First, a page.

Sakuna: of Rice and Ruin

Or, as the Japanese have it, “Heavenly Grain Princess Sakuna,” is an interesting game. Anyone playing it? I bought it for my girlfriend based on her love of farming games like Stardew Valley and occasional love of exploratory combat games like Breath of the Wild and Immortals. It’s a big hit, and I’m enjoying watching her play it.

For those who don’t know, it’s a mixture of side scrolling action platformer and fairly hardcore rice farming simulation. You play a disgraced half-war, half-harvest deity who must cultivate rice to grow her combat prowess and conquer an island overrun by demonic animals (whom you can also eat). The game has a day/night cycle and also a seasonal cycle, according to which you grow your rice, and every day ends with all of the characters (you have a human support team) sharing a meal of the things you’ve grown and killed (mmm, demonic rabbit meat).

I was definitely interested for a long time, and then it came out during a rush of other releases and I forgot all about it. I think Tim_James remembered it and played it.

Ah yes, here we go, from the arbitrary awards thread for 2020:

I’m a little behind on this genre, and I just bought Stardew Valley last week.

Sounds like my jam! Onto the list it goes. Thanks @Kolbex!

Steam link

Oh nice, it’s on Switch as well. I feel like this sort of thing would work great on Switch.

I forgot to mention the game is very Japanese. Also there appears to be next to no information on it in English, so your best bet if you need to find something out is to search “天穂のサクナヒメ wiki” and pray to the translation gods. As is the way of forums, people will, for example, mention casually that you need a skill called “swallow strike” (actually swallow slice) to do double jumps, but in no way mention how to get it or respond to follow up questions asking the same, but I finally found out by delving a Japanese wiki, where of course the skill is called something slightly different, but you get it by raising your rice’s stickiness to 990 and aesthetic to 1125.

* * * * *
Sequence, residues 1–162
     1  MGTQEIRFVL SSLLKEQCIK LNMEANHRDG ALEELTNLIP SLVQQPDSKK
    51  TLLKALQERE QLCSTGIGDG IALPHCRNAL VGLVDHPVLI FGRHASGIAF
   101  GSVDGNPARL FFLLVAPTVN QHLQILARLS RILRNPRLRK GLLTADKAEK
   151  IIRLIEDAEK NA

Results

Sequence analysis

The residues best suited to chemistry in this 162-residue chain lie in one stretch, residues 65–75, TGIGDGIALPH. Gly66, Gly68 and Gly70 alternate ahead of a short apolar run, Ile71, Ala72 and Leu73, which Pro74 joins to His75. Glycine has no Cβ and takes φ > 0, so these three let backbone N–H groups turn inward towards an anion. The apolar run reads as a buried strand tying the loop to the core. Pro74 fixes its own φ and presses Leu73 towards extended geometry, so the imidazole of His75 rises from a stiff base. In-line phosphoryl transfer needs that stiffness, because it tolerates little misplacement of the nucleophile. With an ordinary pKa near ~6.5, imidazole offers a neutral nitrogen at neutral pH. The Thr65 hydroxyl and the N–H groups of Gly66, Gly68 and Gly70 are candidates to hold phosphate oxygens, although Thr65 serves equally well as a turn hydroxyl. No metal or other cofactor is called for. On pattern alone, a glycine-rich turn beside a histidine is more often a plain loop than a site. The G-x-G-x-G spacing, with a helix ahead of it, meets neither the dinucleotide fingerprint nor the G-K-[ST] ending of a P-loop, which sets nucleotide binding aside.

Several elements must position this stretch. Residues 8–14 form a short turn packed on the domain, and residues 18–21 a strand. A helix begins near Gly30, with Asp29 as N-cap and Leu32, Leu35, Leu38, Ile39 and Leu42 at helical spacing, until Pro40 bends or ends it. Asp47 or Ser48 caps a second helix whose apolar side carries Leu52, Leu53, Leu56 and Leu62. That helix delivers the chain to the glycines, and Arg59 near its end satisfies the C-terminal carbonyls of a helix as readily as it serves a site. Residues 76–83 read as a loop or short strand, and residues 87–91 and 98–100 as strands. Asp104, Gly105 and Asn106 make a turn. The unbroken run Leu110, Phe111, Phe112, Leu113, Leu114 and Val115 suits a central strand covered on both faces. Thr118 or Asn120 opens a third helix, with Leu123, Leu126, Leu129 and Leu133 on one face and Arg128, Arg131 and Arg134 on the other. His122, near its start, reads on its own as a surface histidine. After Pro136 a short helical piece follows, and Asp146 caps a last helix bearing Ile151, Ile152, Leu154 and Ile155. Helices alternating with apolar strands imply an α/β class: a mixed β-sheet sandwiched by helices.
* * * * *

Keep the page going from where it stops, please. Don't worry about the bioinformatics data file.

Yeah, I think it’s everywhere (maybe not Xbox?). Switch is where she is playing it.

I mean, it doesn’t take long on the Steam page to suss that one out ;)

Lack of English community is a bummer though.

The game is in my wishlist and I plan on buying and playing in the future.

The only thing holding me back on this one is the price. It’s never been below $40.

The gimmick that I’ve heard mostly is that the rice farming / harvesting is essentially completely historically accurate, and the games doesn’t tutorialize it in any way at the beginning. So, you’re basically discovering thousands of years of rice cultivation experience manually over the course of the game. Things like when to flood the fields, how deep, how far apart to plant the rice, when to transplant, etc. are all up to you do discover for yourself.

My wife played a bit but soured on the platforming difficulty.


The essentially completely historically accurate rice farming aspect has always had a certain odd allure to me. Coming from someone who loves games like American Truck Simulator, I think my curiosity streak is down for learning some rice farming.

There’s no cutesy stuff with your livestock. Kill 'em and cook 'em with the time is right.

This stuff is actually great. It’s miles more intriguing than the usual rote “press A to drop seed/apply water/harvest crop” stuff in Stardew Valley and its ilk.

And the writing in the game is pretty good, too! A light touch with the humor and tons of charm.


It all comes down to this. I didn’t find it particularly difficult, as there’s no real time pressure, so you can just grind at whatever level of pushback you want. But it does get really tedious. I wish Sakuna were paired with almost any other kind of game, because all that retro 2D platforming, combat, and “exploration” was such a buzz kill for me. :(


It looks a lot more engaging than the combat in Stardew Valley, at least.

Also I can personally guarantee you that there is no way in hell my girlfriend will choose to kill the ducks. A less than zero percent chance.